Leasing companies bought more aircraft than sick airlines for the first time

© Reuters File Photo: Air Lease Corporation CEO Steven Udvar-Haji (L) rings the New York Stock Exchange bell with Ray Conner (R), CEO of Boeing Commercial Aircraft, at the 2012 Farnborough Airshow in southern England. Reuters / Luke McGregor / File Photo

By Connor Humphries

LONDON (Reuters) – Aircraft leasing companies are buying more of the world’s passenger planes than aircraft for the first time since a global epidemic hit, senior industry executives said on Monday.

Another sign that most airlines are facing a financial crisis as a result of this historic change after decades of growing growth relies on leasing giants capable of accessing finance cheaper than carriers.

Airbus buys planes from manufacturers like SE (OTC 🙂 and Boeing (NYSE 🙂 co and leases them to airlines, accounting for about 40-45% of air supply before the epidemic, industry pioneer Steven Udvar said.

Udvar-Hajji, executive chairman of Lizar Air Lease (NYSE 🙂 Corporation, told an airline economics conference in London that “leased content delivery has reached almost 0%.”

Udvar-Haji, who said he remembered the sector paying for only 1% of deliveries when he helped lead the industry in the early 1970s, said it was difficult to say whether the numbers could be higher.

“It’s in a range right now, which is probably a good balance for the industry,” he told Reuters. “I never thought it would reach 50% or even 40%.”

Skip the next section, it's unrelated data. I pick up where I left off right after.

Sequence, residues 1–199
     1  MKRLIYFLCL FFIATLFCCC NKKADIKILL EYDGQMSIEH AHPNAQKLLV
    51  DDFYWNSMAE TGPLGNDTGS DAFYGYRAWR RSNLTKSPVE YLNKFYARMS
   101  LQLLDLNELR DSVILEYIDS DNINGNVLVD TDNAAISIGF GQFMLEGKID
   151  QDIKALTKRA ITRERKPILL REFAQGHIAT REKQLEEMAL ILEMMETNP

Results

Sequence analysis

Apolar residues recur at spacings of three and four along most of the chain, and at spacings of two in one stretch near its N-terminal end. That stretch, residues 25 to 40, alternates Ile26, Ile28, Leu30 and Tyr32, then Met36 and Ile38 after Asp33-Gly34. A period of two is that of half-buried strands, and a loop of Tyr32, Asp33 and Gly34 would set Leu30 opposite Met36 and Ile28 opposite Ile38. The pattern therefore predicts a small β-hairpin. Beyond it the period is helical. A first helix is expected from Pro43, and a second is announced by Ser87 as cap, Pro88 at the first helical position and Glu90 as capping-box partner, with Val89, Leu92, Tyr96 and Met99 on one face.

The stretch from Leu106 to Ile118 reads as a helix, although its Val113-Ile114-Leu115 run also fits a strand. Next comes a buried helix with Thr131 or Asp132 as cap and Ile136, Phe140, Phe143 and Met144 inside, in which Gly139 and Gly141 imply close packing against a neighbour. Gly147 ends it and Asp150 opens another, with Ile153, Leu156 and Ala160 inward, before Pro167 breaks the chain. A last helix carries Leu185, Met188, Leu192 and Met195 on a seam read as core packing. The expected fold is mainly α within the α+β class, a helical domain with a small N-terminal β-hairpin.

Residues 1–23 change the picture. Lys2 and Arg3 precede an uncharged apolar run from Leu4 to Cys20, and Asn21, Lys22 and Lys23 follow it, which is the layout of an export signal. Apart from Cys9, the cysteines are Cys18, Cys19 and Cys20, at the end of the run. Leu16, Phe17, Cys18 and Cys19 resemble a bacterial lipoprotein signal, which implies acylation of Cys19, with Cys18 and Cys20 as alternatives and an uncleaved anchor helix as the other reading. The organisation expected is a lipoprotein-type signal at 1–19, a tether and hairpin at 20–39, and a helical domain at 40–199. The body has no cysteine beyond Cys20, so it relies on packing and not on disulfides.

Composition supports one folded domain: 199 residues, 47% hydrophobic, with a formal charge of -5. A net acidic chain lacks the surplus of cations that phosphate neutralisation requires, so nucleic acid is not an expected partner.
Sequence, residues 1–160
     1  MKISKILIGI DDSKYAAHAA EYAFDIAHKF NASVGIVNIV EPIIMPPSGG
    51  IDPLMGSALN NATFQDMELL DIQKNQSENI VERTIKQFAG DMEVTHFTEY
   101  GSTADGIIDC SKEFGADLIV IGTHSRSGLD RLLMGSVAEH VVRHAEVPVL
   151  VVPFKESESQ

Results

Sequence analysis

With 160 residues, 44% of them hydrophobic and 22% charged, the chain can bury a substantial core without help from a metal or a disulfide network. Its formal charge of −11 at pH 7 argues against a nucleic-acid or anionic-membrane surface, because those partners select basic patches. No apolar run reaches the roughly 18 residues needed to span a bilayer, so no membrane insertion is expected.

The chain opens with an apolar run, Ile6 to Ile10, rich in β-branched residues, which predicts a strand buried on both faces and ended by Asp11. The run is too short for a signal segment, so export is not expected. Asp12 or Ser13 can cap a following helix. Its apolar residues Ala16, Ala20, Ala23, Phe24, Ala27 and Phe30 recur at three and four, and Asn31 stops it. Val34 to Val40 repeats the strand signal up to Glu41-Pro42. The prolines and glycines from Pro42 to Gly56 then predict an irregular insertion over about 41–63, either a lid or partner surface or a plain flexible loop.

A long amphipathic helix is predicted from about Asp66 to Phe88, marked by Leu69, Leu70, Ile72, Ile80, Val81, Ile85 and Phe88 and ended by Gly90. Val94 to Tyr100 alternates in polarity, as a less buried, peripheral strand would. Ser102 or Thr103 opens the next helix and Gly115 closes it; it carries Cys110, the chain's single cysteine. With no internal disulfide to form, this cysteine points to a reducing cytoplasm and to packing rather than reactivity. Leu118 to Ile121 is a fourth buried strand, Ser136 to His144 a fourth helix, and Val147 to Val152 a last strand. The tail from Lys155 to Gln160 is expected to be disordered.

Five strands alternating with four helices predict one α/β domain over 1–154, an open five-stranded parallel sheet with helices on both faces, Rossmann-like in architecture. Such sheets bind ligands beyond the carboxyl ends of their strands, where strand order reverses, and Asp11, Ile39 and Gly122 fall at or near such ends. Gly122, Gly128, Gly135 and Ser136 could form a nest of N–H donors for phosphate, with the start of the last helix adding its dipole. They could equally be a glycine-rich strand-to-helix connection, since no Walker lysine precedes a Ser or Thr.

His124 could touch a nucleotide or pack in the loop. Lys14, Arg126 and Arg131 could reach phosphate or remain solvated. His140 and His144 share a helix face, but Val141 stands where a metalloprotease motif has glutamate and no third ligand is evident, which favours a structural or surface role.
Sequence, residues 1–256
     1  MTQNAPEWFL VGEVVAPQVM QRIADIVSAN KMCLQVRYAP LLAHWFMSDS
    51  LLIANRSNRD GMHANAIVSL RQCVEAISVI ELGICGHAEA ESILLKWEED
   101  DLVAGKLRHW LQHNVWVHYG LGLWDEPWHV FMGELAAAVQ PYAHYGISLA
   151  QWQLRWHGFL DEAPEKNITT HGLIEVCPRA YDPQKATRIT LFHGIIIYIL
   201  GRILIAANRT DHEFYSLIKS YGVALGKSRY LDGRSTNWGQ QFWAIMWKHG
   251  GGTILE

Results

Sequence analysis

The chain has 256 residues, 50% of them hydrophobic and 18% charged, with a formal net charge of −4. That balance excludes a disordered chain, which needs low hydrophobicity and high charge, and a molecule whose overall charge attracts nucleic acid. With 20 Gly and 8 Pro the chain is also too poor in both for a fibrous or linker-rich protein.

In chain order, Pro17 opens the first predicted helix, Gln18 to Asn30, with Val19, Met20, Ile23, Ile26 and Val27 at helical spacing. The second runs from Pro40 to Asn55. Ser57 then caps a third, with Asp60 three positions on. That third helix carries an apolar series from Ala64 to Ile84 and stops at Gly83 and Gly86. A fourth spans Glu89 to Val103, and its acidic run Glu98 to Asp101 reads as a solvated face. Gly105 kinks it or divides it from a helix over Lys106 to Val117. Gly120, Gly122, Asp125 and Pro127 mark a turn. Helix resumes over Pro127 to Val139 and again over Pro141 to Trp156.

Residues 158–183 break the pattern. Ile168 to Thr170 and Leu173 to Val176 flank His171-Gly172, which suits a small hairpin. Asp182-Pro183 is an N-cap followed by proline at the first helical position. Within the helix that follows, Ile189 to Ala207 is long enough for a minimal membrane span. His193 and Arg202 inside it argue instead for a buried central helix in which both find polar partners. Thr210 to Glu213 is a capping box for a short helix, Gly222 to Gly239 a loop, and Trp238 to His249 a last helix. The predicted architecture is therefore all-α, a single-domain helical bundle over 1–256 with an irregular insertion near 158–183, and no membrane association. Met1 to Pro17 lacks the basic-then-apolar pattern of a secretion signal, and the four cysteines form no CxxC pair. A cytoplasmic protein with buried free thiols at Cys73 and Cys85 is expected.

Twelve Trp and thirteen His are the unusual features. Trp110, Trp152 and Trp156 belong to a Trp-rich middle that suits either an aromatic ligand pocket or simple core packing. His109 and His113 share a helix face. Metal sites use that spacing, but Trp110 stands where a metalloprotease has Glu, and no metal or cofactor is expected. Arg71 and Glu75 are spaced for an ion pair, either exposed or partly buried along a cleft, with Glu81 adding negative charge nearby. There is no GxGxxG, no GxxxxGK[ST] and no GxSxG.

As the industry recovers, airlines can regain their own financing capacity, he added.

A senior executive at the larger rival Aircap agreed that the leasing sector is now responsible for most of the financing of new passenger jet supplies, financing somewhere between 50-60%.

“Going to Kovid, we were always saying ‘will we ever get 50%?’ And we’ve gone through that, ”Peter Anderson, Aircap’s chief commercial officer, told Reuters he thought the new level was sustainable.

Udvar-Hajji said 0% of the numbers include sales-on-leaseback, finance lease and operating lease.

He said Airbus and Boeing’s manufacturing duality is comfortable with the shift in power from airlines to leasing companies.

“It’s much better for Airbus to have a financially capable buyer,” he said. “The leasing industry has the capital to attend to delivery and actually take delivery.”

Some less than 4% of payers are paying less than 2% for some of the largest airlines in the United States and Europe, Udvar-Hajji said at the conference, the first major rally in the lease sector since the epidemic hit.

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